I take back everything bad I ever said about ESPN LA’s Arash Markazi … well, okay, no, I still really hated that damn gravy analogy. But let’s just say that Markazi has more than made up for with yesterday’s in-depth investigation of Ed Roski’s proposed NFL stadium in City of Industry. His conclusion: Roski’s whole financing plan is a house of cards — or, as one obscure stadium blogger tells him, “somewhere between ‘optimistic’ and ‘pie in the sky.'”
I’m not just praising this article because it cites me, though, or even because it’s critical of the Roski plan. Rather, Markazi’s piece gets stadium journalism right in just about every way:
- He doesn’t fall for pretty pictures. The artists’ renderings, Markazi acknowledges, are “perhaps the most beautiful stadium proposal NFL owners have ever seen,” with “wave pools, gondolas in which fans fly over the site, concert stages, an ‘NFL Experience’ area with punt, pass and kick competitions, a BMX course, and a Harley Davidson Cafe with an area for fans to show off their classic bikes and cars.” However, he then cuts to the chase: How will all this be paid for? Noting that Roski’s initial confusing financing plan has now been replaced by a new, even more confusing one, Markazi then spends the bulk of the article crunching numbers to see if any of it makes financial sense.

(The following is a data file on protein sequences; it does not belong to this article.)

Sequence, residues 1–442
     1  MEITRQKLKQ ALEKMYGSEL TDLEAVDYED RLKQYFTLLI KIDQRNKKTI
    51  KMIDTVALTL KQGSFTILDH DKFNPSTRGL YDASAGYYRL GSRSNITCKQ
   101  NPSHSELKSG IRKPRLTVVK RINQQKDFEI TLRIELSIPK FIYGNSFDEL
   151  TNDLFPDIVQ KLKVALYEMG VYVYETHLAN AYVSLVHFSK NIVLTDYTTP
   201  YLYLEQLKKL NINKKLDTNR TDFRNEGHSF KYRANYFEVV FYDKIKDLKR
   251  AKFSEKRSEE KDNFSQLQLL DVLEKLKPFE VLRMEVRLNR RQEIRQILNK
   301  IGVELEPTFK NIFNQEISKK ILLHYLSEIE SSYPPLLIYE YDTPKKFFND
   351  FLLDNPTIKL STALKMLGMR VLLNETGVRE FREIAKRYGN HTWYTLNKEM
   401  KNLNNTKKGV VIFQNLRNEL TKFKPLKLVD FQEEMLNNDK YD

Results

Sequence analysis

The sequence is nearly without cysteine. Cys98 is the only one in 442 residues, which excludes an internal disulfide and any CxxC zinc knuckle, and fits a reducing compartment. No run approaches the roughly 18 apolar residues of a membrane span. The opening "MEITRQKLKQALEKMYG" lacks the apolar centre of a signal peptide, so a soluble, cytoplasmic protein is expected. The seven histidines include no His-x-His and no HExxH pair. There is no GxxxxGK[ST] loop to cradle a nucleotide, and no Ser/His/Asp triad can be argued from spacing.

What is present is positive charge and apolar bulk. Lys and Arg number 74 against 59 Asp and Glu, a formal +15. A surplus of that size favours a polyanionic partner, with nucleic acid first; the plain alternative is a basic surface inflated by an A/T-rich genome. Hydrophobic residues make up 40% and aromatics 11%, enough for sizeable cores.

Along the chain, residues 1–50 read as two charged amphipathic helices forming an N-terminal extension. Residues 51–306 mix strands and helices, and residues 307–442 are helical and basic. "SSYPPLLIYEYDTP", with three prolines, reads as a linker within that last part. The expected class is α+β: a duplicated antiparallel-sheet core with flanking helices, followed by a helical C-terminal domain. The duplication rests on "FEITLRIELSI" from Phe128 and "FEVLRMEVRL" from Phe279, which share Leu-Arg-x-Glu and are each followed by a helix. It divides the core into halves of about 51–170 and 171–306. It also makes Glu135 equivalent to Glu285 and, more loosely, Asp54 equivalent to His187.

- He doesn’t take team owners’ or stadium builders’ word for things. Asked how the $800 million stadium would be paid for, Roski lieutenant John Semcken replies, “The team pays nothing for the stadium. The stadium pays for the stadium.” Many reporters would stop there, but Markazi presses on: How would that work, exactly? To which Semcken replies: $300 million would come from personal seat license sales, $150 million from the NFL, and the rest would be paid off by an estimated $28 million a year in naming-rights fees.
- He talks to economists. Not just one economist, which is the most you’ll see in a typical newspaper article, but multiple economists, so we can see whether they all agree on the numbers. And this case, they do: Retired stadium financier John Gillespie and Holy Cross economics professor Victor Matheson both say that $800 million sounds far too low for a state-of-the-art stadium in a major metropolitan area. (Particularly one with flying gondolas.) Matheson boggles at Semcken’s claims of $300 million in PSL sale proceeds, speculating that he may have neglected to notice that PSLs are taxable, which in California would cut the resulting revenues just about in half. And Smith College professor Andrew Zimbalist rolls his eyes at the notion of $28 million a year in naming-rights fees, noting that both AEG’s downtown L.A. stadium and the new New York Giants and Jets stadiums top the current market, and they only yielded $20 million a year.
There’s more, including info on how bank loan requirements have tightened up since the Staples Center was paid for with arena revenues a decade ago, and a long discussion of why no team is going to move to L.A. without a firm financing plan in place, yet Semcken says there can’t be a financing plan until there’s a commitment from a team. The one thing I wish Markazi had included was a breakdown of what siphoning off PSL money and other stadium revenues would do to a NFL team’s cash flow at an Industry stadium, but with this article already running almost 4,000 words, I’m happy to wait for the next one for that.